(516f) Award Submission: Synthetic Platelets for Biomedical Applications | AIChE

(516f) Award Submission: Synthetic Platelets for Biomedical Applications


Doshi, N. - Presenter, University of California
Ruggeri, Z. - Presenter, The Scripps Research Institute,, CA
Orje, J. - Presenter, The Scripps Research Institute,, CA
Mitragotri, S. - Presenter, University of California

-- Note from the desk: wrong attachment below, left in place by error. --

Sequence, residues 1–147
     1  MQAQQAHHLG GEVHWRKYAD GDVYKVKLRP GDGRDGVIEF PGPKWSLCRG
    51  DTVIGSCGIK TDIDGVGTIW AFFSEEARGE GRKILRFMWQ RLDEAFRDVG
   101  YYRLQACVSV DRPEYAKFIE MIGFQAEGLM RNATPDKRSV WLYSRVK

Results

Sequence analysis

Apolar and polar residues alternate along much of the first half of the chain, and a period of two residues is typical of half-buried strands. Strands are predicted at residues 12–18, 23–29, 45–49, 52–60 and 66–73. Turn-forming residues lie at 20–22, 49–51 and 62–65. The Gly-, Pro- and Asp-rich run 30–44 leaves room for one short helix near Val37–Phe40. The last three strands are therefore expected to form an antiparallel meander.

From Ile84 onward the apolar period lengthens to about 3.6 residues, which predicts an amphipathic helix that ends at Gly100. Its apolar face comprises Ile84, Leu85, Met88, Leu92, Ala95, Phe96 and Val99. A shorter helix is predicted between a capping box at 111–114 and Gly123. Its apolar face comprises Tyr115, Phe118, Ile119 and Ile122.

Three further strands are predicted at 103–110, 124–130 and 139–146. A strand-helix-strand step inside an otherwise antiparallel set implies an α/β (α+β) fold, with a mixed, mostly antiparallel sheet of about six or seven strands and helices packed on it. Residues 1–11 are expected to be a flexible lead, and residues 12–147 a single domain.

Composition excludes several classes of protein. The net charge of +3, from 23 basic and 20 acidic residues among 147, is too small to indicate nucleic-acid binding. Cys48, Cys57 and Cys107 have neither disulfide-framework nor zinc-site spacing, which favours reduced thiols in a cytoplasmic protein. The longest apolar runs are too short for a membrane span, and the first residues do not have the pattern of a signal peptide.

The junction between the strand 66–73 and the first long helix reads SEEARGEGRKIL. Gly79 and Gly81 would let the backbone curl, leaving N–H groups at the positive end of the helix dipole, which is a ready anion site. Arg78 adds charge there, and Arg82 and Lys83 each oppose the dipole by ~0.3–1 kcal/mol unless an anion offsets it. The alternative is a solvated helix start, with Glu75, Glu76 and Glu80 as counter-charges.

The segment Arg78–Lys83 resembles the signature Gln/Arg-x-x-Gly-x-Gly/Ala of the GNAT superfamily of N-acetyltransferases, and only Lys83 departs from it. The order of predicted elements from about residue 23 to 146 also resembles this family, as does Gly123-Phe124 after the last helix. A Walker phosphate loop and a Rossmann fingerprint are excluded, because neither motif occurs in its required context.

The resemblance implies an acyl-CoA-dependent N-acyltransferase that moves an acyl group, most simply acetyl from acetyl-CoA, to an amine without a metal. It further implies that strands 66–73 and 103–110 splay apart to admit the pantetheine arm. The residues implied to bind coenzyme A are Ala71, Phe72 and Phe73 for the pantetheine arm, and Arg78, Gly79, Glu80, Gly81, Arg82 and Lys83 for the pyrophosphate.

Arterial and venous thrombi result in life threatening complications depending on the site of formation or lodgment of embolus. These include cardiovascular diseases such as myocardial infarction and stroke that form the leading cause of deaths in United States. Thrombus formation, initiated by circulating platelets, is an important and initial step in repairing injured vasculature, however, excess clot formation results in pathological conditions such as thrombosis. Platelets perform several important biological functions such as hemostasis, release of growth factors and modulation of inflammatory processes. The unique physical features of platelets play an important role in their biological function. Here, using novel fabrication techniques, we have created synthetic replicates of platelets (sPlats) which mimic the important physical, chemical and biological attributes of natural platelets. sPlats have a size of 2-4 μm, a discoidal shape and a highly flexible membrane similar to natural platelets. sPlats are fabricated by layer-by-layer deposition of positively and negatively charged polyelectrolytes including proteins such as actin, an inherent component of the platelet cell membrane and poly-allyl amine hydrochloride on polymeric particles followed by dissolution of the polymeric core. Similar to their natural counterparts, GP1b coated sPlats show excellent adhesion propensity to VWF coated substrate. GP1b is the receptor on platelets that binds strongly to VWF expressed at the site of vascular injury. The adhesion propensity of sPlats was significantly higher than spheres, discoids and albumin coated sPlats indicating the importance of size, shape, mechanical flexibility and surface chemistry of sPlats. sPlats hold outstanding potential in various biomedical applications. Since sPlats mimic the important properties of natural platelets, they can serve as ideal drug delivery vehicles in the treatment of conditions associated with either a low platelet count or high platelet activity. The highly selective adhesion propensity of sPlats to VWF domain coupled with the ability to release growth factors make them excellent substitutes to natural platelets. Mimicking the structural properties of natural platelets may enable sPlats to exhibit prolonged circulation and high targeting efficiency, the properties highly desired in a drug delivery vehicle. sPlats hold promise in treatment of thrombosis by selectively attaching to the clot site and releasing thrombolytic drugs in a controlled manner. sPlats can also be tracked in real time since they can be encapsulated with iron oxide nanoparticles which show high contrast in magnetic resonance imaging. The fabrication of these novel platelet mimetic particles has opened up new avenues in the fields of drug delivery, diagnostic imaging, treatment of cardiovascular diseases and other platelet associated disorders and artificial blood synthesis.